Is it safe to change TCP IP.SYS? by Therock at 2008-03-13 05:26

Hai Grauw, iam particularly knew torrent somewhile ago and just learning that these TCP IP things would hinder connection speed. If i download the patcher and change the limit to 50, how do undo or uninstall if i want to return to original state( which is 10 limit connection)? Can i change more than 50 limit?
Thanks btw and hope to hear you soon

Re: Is it safe to change TCP IP.SYS? by Grauw at 2008-03-18 19:25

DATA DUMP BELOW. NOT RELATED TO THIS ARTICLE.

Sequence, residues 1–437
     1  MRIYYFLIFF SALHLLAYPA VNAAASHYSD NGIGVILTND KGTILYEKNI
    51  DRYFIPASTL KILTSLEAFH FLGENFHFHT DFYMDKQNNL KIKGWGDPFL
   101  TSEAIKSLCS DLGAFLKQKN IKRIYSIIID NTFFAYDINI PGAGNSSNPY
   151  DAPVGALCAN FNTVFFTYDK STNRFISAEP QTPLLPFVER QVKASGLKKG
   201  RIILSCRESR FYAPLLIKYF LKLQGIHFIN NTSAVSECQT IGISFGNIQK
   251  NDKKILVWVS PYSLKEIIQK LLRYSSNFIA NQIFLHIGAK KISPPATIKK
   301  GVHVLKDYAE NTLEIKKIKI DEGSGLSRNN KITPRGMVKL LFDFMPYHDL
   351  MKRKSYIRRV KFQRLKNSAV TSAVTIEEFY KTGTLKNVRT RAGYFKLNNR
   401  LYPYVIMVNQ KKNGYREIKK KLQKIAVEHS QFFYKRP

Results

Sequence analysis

Hi Therock,

I wouldn’t say it’s unsafe to change the limit, however I don’t think it gains you very much. Microsoft placed the restrictions there for a very good reason, so it’s not good that some sites/programs encourage you to remove them. Most torrent clients like µTorrent throttle the half-opened outgoing connections to make sure you don’t hit the Windows limit, and many people who have never changed their operating system settings are using Bittorrent without issues.

How to undo the changes depends on the patcher, whether it offers an undo or uninstall option (let’s hope it does!). If not, worst case you have to manually dive in the Windows registry or system files to undo it. Obviously I am not familiar with those tools, because I did not modify my system in this way :).